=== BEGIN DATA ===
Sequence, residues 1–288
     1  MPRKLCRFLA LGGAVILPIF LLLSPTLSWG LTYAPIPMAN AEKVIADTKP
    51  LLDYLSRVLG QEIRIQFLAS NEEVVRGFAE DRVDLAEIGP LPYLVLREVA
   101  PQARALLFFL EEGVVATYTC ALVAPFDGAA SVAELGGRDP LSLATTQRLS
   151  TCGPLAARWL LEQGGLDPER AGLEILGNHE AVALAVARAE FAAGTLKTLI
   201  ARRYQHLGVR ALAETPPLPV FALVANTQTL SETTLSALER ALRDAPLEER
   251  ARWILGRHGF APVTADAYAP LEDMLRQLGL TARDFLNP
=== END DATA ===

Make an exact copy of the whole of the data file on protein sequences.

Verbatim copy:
Sequence, residues 1–288
     1  MPRKLCRFLA LGGAVILPIF LLLSPTLSWG LTYAPIPMAN AEKVIADTKP
    51  LLDYLSRVLG QEIRIQFLAS NEEVVRGFAE DRVDLAEIGP LPYLVLREVA
   101  PQARALLFFL EEGVVATYTC ALVAPFDGAA SVAELGGRDP LSLATTQRLS
   151  TCGPLAARWL LEQGGLDPER AGLEILGNHE AVALAVARAE FAAGTLKTLI
   201  ARRYQHLGVR ALAETPPLPV FALVANTQTL SETTLSALER ALRDAPLEER
   251  ARWILGRHGF APVTADAYAP LEDMLRQLGL TARDFLNP